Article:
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Albion cliffs—from age to age,
That bear the roaring storms of heav'n. Did ever fiercer warfare rage,
Was ever peace more timely given 1 Wake! sounds of joy: rouse, generous isle;
Let every patriot bosom glow: Beauty, resume thy wonted smile,
And, Poverty, thy cheerful brow.
Boast, Britain, of thy glorious guests;
Peace, Wealth, and Commerce, all thine own Still on contented Labour rests
The basis of a lasting throne.
Protected Wealth, the chorus raise,
Accept a prostrate nation's praise.
PLACE OF MY NATIVITY.
Though winter's frowns had damp'd the beaming
eye, Though twelve successive summers heav'd the sigh, The unaccomplish'd wish was still the same; Till May in new and sudden glories came! My heart was rous'd; and Fancy, on the wing, Thus heard the language of enchanting spring:— 'Come to thy native groves and fruitful fields! Thou know'st the fragrance that the wild flow'r
yields; Inhale the breeze that bends the purple bud, And plays along the margin of the wood. I've cloth'd them all; the very woods where thou In infancy learn'd'st praise from every bough. Would'st thou behold again the vernal day? My reign is short;—this instant come away: Ere Philomel shall silent meet the morn; She hails the green, but not the rip'ning corn. Come, ere the pastures lose their yellow flow'rs: Come now; with heart as jocund as the hours.'
Who could resist the call!—that Giles had done, Nor heard the birds, nor seen the rising sun; Had nat Benevolence, with cheering ray, And Greatness stoop'd, indulgent to display Praise which does surely not to Giles belong. But to the objects that inspir'd his song. Immediate pleasure from those praises flow'd; Remoter bliss within his bosom glow'd!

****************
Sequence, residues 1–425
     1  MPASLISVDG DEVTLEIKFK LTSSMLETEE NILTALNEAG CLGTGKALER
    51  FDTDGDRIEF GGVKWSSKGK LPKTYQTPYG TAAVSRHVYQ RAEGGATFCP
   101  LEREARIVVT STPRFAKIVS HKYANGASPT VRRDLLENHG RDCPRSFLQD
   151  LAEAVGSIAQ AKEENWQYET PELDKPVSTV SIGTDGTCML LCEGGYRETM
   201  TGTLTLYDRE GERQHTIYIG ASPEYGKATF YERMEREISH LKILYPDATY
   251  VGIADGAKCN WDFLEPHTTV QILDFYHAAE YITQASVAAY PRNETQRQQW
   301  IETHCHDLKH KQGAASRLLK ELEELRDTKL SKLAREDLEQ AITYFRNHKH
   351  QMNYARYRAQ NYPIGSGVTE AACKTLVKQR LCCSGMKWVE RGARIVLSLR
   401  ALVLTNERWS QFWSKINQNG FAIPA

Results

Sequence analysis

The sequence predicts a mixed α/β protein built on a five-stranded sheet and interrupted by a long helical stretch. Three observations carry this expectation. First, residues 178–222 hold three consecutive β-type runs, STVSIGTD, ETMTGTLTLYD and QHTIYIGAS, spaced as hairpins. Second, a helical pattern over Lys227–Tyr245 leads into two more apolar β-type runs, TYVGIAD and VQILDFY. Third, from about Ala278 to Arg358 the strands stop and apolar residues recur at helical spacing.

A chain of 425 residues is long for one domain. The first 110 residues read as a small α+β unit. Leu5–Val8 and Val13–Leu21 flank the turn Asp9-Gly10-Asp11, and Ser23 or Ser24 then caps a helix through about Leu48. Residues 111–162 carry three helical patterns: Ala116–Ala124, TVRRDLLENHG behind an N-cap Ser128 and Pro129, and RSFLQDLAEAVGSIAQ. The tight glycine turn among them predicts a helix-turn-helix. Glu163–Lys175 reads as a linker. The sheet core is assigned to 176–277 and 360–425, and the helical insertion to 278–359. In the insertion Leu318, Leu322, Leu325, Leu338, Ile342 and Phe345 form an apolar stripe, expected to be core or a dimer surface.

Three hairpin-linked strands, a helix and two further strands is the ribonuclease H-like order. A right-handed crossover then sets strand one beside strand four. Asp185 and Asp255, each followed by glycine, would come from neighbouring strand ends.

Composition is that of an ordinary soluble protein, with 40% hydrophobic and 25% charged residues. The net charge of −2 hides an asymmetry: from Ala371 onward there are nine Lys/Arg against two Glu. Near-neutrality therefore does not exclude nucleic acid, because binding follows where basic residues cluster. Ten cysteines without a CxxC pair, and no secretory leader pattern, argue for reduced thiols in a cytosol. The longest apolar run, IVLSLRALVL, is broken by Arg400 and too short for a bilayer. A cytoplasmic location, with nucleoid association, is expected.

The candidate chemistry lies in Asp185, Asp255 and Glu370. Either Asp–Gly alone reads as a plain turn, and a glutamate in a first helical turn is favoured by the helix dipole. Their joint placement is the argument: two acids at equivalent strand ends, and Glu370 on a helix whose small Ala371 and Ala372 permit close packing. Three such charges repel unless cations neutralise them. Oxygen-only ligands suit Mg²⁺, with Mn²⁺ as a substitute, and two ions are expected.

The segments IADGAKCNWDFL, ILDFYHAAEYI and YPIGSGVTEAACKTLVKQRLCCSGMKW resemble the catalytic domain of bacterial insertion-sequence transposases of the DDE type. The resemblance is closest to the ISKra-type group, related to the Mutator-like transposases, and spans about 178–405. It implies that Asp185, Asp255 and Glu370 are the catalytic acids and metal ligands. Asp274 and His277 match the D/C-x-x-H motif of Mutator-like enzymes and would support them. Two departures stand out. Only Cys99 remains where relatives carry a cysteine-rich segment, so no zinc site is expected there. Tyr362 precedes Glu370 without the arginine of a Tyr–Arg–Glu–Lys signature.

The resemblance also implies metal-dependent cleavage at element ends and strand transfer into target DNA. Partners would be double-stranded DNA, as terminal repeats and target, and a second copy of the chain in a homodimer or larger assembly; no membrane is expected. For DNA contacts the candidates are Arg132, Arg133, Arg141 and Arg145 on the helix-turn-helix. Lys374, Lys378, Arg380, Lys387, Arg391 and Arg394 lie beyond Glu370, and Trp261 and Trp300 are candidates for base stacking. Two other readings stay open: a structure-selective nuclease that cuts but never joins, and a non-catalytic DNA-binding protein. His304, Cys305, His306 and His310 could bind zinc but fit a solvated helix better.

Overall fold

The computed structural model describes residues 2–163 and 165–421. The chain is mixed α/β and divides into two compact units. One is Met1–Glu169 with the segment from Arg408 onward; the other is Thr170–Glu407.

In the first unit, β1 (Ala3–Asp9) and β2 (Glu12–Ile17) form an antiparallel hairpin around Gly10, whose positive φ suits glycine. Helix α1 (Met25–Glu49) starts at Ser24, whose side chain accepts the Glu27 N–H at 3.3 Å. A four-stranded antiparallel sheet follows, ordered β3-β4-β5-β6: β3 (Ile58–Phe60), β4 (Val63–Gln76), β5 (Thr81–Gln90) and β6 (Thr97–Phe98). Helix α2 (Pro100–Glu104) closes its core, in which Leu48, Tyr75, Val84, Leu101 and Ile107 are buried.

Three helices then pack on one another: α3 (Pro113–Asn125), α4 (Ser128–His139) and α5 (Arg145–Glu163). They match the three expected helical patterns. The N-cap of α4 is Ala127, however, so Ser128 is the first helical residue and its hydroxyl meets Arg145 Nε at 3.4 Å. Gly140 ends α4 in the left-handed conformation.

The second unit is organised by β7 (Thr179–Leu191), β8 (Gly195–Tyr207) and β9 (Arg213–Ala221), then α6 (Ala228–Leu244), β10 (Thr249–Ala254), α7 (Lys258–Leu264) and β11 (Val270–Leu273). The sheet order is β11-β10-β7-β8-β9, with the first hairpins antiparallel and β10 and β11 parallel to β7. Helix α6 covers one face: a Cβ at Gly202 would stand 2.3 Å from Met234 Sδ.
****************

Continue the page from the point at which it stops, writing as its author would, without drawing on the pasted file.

Now tasted all;—for I have heard and seen The long remember'd voice, the church, the
green :— And oft by friendship's gentle hand been led Where many a hospitable board was spread. These would I name—but each, and all can feel What the full heart would willingly reveal: Nor needs be told; that at each season's birth, Still the enamell'd, or the scorching earth Gave, as each morn or weary night would come, Ideal sweetness to my distant home: Ideal now no more :—for, to my view Spring's promise rose, how admirably true! The early chorus of the cheerful grove Gave point to gratitude, and fire to love. O Memory! shield me from the world's poor strife, And give those scenes thine everlasting life!
PASTORAL AND LOCAL POETEY.
THE WIDOW JONES,
A FAMILIAR BALLAD.
Well! I'm determined; that's enough:—
I'll take to-morrow, smooth or rough,
Our master talks of stable-room,
Tis easy to foresee thy doom,
Bayard, thou'lt go to feed the hounds.
But could I win the widow's hand,
I'd make a truce 'twixt death and thee;
For thou upon the best of land
Should'st feed, and live, and die with me.
And must the pole-axe lay thee lowt
No—hang me if it shall be so,
If I can win the Widow Jones.
Twirl went his stick; his curly pate
A bran-new hat uplifted bore; And Abner, as he leapt the gate,
Had never look'd so gay before.
And every spark of love reviv'd
That had perplex'd him long ago, When busy folks and fools contriv'd
To make his Mary answer—no.
But whether, freed from recent vows,
And mark'd him for a second spouse,
Howbeit, as he came in sight,
And downward look'd with pure delight,
She heard his sounding step behind.
As cheerly floated on the wind,
"Hoi! Mary Jones—what wont you speak!"
Then, with a look that ne'er deceives,
And scolding sparrows from the eaves
Down Abner sat, with glowing heart,
Resolv'd, whatever might betide, To speak his mind, no other art
He ever knew, or ever tried.
And gently twitching Mary's hand,
His first word made her understand